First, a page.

• Review immunization status for hepatitis B; offer vaccination if the patient is not protected and testing if the patient is at high risk.
  • Offer HIV testing and counselling.
  • In men who have sex with men, consider hepatitis A vaccine.

Reporting and Partner Notification

  • Urethritis caused by certain agents (e.g., C. trachomatis, N. gonorrhoeae) is a notifiable communicable disease for provinces and territories. All conditions and diseases that are notifiable should be reported to public health departments in accordance with local regulations and laws.
  • Sexual partners should be traced 60 days prior to symptom onset or date of specimen collection (if asymptomatic).
    • The length of time for the trace-back period should be extended:
      1. to include additional time up to the date of treatment
      2. if the index case states that there were no partners during the recommended trace-back period, then the last partner should be notified
      3. if all partners traced (according to recommended trace-back period) test negative, then the partner prior to the trace-back period should be notified.
  • Partners should be tested and treatment considered,(see Figure 1 in this chapter).
  • Where possible, encourage the use of public health authorities or treating physician to conduct contact tracing on partners and increase the number of partners contacted.Footnote 19
  • All sexual partners of the index case from 60 days prior to symptom onset or date of diagnosis (if asymptomatic) should be tested and empirically treated regardless of clinical findings and without waiting for test results. If there was no partner during this period, then the last partner should be tested and treated.

Follow-up

  • If treatment is taken and symptoms resolve, test of cure is not routinely recommended.
  • If symptoms persist or recur after completed therapy (1 week after initiation of therapy), the patient should be re-evaluated.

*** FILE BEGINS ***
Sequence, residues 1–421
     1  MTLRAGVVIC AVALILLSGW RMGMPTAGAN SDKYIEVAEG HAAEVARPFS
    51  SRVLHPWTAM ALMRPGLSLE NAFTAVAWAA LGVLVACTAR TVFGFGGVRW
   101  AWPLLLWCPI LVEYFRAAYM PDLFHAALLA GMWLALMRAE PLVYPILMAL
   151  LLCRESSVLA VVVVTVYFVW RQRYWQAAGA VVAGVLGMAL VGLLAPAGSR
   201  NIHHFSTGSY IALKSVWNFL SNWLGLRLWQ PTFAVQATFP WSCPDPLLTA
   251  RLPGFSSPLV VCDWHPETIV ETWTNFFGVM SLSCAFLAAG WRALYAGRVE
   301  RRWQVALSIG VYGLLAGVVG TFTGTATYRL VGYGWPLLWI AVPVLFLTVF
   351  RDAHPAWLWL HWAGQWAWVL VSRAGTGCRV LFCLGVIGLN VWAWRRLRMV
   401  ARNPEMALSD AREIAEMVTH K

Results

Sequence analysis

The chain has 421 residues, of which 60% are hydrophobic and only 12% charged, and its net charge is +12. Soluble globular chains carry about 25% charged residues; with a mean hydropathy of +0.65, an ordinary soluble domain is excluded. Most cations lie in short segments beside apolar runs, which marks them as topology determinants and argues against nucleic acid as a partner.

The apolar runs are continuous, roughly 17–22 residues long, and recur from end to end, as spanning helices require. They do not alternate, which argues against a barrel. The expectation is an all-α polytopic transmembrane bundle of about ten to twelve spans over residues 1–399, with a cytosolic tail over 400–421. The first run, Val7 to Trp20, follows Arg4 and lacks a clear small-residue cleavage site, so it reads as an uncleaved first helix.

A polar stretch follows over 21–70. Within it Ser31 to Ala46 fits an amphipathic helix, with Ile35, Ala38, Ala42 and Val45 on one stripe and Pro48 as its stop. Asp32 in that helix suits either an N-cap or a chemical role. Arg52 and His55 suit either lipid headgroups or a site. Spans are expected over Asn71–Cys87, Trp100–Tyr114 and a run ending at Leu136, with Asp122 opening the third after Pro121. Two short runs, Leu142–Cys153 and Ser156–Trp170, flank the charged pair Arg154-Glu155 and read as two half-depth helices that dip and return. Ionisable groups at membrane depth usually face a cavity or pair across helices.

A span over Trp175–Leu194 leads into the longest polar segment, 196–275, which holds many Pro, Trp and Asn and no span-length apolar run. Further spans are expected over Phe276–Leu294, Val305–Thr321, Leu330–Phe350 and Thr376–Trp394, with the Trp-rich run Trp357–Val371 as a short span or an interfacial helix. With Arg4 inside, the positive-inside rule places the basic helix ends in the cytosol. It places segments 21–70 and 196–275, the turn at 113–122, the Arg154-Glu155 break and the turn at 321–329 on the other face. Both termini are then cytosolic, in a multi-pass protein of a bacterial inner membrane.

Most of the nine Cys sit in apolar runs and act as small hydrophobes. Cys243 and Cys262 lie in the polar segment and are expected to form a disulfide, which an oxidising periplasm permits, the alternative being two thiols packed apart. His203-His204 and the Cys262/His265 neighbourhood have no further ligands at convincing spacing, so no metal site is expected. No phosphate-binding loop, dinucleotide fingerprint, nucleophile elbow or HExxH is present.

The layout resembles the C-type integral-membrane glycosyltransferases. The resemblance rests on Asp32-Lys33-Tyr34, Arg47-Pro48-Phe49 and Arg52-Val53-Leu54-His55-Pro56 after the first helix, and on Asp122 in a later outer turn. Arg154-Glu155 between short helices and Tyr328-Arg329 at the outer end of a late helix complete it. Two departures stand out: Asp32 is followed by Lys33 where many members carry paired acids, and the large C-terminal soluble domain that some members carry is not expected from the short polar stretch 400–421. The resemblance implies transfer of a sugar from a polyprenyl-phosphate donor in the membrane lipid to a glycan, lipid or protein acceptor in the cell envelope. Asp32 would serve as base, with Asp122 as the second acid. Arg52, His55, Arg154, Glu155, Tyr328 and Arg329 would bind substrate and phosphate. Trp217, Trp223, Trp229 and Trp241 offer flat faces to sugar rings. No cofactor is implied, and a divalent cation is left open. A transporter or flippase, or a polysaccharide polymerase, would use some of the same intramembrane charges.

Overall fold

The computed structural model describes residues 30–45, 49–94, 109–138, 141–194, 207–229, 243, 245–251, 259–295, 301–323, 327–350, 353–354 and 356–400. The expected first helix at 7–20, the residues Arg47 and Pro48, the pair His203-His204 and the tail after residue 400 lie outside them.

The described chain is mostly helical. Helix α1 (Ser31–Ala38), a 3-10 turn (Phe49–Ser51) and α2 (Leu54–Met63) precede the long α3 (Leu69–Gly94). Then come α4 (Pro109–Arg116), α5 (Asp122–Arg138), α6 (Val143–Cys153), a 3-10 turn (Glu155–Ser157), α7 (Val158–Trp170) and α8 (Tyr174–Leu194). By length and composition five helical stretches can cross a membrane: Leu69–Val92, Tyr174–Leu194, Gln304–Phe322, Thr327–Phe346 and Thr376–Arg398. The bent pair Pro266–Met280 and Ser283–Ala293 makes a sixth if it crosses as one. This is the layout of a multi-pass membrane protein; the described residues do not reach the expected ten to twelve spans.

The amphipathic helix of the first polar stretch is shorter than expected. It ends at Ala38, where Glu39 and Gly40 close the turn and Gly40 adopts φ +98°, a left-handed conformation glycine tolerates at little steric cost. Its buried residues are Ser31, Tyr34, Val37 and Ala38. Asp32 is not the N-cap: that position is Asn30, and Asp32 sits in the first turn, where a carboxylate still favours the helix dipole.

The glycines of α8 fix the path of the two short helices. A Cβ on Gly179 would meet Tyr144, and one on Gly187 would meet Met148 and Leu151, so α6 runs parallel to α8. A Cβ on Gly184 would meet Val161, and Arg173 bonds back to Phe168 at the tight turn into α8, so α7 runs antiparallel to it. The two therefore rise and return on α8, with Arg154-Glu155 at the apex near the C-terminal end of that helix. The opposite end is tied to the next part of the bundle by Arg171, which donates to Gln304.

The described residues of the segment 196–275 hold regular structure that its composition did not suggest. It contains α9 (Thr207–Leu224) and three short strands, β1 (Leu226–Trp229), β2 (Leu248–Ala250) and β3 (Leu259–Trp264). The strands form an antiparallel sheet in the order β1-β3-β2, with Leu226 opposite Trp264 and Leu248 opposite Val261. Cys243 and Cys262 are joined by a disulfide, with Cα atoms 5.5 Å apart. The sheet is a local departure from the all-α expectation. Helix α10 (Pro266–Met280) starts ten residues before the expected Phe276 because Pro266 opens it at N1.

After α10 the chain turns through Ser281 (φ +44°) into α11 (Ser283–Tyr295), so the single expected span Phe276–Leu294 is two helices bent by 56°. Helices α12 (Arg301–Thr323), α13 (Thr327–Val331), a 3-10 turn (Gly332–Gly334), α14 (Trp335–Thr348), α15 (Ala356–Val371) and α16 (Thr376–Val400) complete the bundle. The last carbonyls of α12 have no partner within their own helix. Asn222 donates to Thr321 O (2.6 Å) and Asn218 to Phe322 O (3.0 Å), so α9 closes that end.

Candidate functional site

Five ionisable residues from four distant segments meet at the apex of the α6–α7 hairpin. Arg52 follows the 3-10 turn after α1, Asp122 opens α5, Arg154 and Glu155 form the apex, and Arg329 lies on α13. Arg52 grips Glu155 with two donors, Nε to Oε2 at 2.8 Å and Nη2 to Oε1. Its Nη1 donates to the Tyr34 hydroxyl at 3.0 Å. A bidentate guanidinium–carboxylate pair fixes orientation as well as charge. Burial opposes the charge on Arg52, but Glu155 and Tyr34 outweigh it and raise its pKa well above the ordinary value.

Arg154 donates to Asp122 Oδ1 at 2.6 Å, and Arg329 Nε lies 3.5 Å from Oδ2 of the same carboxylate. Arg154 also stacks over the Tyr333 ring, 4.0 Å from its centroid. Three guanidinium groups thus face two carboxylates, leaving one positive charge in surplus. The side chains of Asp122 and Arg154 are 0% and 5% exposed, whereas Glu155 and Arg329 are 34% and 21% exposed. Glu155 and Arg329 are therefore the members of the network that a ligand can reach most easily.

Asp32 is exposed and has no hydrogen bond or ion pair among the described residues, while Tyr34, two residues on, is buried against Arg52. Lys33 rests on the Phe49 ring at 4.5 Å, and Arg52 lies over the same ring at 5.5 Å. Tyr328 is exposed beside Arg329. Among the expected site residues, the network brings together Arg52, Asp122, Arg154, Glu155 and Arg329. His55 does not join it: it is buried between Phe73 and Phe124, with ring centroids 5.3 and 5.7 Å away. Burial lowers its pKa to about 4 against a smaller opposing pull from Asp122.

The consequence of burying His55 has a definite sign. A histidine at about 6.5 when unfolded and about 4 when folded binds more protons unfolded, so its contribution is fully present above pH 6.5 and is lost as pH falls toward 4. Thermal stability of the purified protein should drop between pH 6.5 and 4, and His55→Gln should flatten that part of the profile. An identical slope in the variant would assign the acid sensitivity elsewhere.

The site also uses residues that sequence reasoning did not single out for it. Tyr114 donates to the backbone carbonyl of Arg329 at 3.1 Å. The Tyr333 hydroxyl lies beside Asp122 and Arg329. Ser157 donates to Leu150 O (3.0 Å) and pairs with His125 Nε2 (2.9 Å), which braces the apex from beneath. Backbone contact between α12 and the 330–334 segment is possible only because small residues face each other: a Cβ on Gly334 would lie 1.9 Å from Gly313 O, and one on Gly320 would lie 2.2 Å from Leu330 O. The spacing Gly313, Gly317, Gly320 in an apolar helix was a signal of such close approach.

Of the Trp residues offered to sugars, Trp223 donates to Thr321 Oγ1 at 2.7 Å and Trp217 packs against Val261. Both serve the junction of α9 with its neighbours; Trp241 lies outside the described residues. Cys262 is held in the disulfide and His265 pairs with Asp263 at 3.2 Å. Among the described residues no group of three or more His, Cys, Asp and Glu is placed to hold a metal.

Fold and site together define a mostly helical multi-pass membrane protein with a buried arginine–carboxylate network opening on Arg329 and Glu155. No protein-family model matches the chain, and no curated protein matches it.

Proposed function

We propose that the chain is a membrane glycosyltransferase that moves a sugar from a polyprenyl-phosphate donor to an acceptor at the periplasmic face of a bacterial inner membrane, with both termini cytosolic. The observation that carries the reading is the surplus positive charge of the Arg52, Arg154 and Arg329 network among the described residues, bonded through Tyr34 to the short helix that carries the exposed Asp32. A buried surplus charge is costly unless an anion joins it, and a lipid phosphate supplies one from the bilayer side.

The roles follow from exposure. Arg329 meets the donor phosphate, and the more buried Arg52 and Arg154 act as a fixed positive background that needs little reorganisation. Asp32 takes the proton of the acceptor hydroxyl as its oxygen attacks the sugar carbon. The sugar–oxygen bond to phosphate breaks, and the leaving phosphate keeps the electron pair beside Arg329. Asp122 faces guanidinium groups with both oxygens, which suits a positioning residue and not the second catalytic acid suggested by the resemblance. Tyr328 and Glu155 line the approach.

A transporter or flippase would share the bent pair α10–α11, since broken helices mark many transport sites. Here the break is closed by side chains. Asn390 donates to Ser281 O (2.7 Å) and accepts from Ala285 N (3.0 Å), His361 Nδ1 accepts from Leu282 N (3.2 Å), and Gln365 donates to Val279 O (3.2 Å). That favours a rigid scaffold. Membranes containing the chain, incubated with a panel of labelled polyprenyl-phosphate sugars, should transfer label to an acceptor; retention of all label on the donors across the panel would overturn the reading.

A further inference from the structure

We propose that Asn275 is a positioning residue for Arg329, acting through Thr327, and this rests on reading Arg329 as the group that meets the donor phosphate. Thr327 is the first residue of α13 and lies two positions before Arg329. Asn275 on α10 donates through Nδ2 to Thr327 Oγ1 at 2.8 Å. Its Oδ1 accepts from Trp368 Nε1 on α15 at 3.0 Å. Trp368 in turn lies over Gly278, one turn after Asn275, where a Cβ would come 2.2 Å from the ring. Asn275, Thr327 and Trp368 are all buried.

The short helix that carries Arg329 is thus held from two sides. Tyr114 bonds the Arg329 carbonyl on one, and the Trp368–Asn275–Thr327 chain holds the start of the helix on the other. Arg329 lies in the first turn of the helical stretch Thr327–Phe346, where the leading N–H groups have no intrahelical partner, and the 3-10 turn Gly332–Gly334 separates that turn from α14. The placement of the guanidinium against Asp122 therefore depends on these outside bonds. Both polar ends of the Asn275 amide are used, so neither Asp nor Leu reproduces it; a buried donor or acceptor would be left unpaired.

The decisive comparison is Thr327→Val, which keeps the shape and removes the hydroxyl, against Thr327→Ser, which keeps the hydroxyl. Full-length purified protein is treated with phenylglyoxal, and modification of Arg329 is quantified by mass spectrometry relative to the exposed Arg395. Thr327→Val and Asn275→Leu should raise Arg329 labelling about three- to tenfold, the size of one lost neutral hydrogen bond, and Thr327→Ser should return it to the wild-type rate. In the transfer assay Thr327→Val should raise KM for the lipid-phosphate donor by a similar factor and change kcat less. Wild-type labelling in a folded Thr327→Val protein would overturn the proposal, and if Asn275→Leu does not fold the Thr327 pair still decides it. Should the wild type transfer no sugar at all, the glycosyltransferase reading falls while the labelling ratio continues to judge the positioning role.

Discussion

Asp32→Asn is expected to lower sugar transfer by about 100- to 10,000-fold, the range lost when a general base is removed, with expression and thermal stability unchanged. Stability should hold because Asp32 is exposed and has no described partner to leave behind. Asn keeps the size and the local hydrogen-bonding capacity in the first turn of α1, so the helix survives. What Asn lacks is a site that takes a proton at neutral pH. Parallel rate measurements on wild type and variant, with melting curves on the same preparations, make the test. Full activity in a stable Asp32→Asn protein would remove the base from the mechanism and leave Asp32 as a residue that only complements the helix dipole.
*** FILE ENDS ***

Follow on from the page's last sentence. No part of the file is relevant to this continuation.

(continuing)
• Symptoms alone are not sufficient for retreatment in the absence of laboratory findings or clinical signs.
  • If a test of cure is indicated and NAAT is being used for follow-up testing, testing should not be conducted until 3 weeks after treatment to avoid a false positive.

Special Considerations

Recurrent or persistent urethritis
  • Often a difficult problem.
  • Reconfirming the presence of urethritis using smear and Gram stain is essential.
  • Critical to differentiate urethritis from functional complaints.
  • Important to inform patient at the start of care for recurrent urethritis that it can be a difficult clinical problem to address, but that symptoms often resolve.
  • If there is a microbiologically or clinically documented failure with persistent urethritis, consider the following:
    • Re-exposure to untreated partner.
    • Infection acquired from new partner.
    • Medication not taken correctly/not completed.
    • Infection with other pathogens.
    • Presence of resistant organisms.Footnote 20
    • Other causes (e.g., urinary tract infection, prostatitis, phimosis, chemical irritation, urethral strictures, tumours).
  • Consider:
    • Repeat specimens (urine and endourethral) for Gram stain, culture and NAAT for N. gonorrhoeae and C. trachomatis.
    • Endourethral swabs or urine for T vaginalis.Footnote 2,Footnote 21
    • Endourethral swab or urine for herpes simplex virus culture, although usually associated with lesions.Footnote 3,Footnote 22
    • Endourethral specimen or first-void urine for culture for U urealyticum and M genitaliumFootnote 5 (usually at a specialized laboratory).
    • Urology or infectious diseases consultation if unresolved.
    • Determine whether other underlying etiologies, such as anxiety, contribute to symptoms.
Children with urethritis
  • Sexual abuse must be considered if there are symptoms of unexplained pyuria in prepubertal boys or young males who are not sexually active (see Sexual Abuse in Peripubertal and Prepubertal Children chapter).
  • Practitioners need to follow provincial guidelines for reporting any suspected cases of child sexual abuse to appropriate authorities.
  • All persons named as suspects in child sexual abuse cases should be located and clinically evaluated; prophylactic treatment may or may not be offered and the decision to treat or not should be based on history, clinical findings and test results (see Sexual abuse in Peripubertal and Prepubertal Children chapter).
  • Young men and women with urethritis may be erroneously diagnosed with urinary tract infections.
  • In addition to symptoms present in adults, children with urethritis can also demonstrate the following:
    • Abdominal pain.
    • Unwillingness to void.
    • Enuresis.
  • For treatment regimens in children, see Gonococcal Infections and Chlamydial Infections chapters.
  • Repeat testing should be offered to all children.
Urethritis in women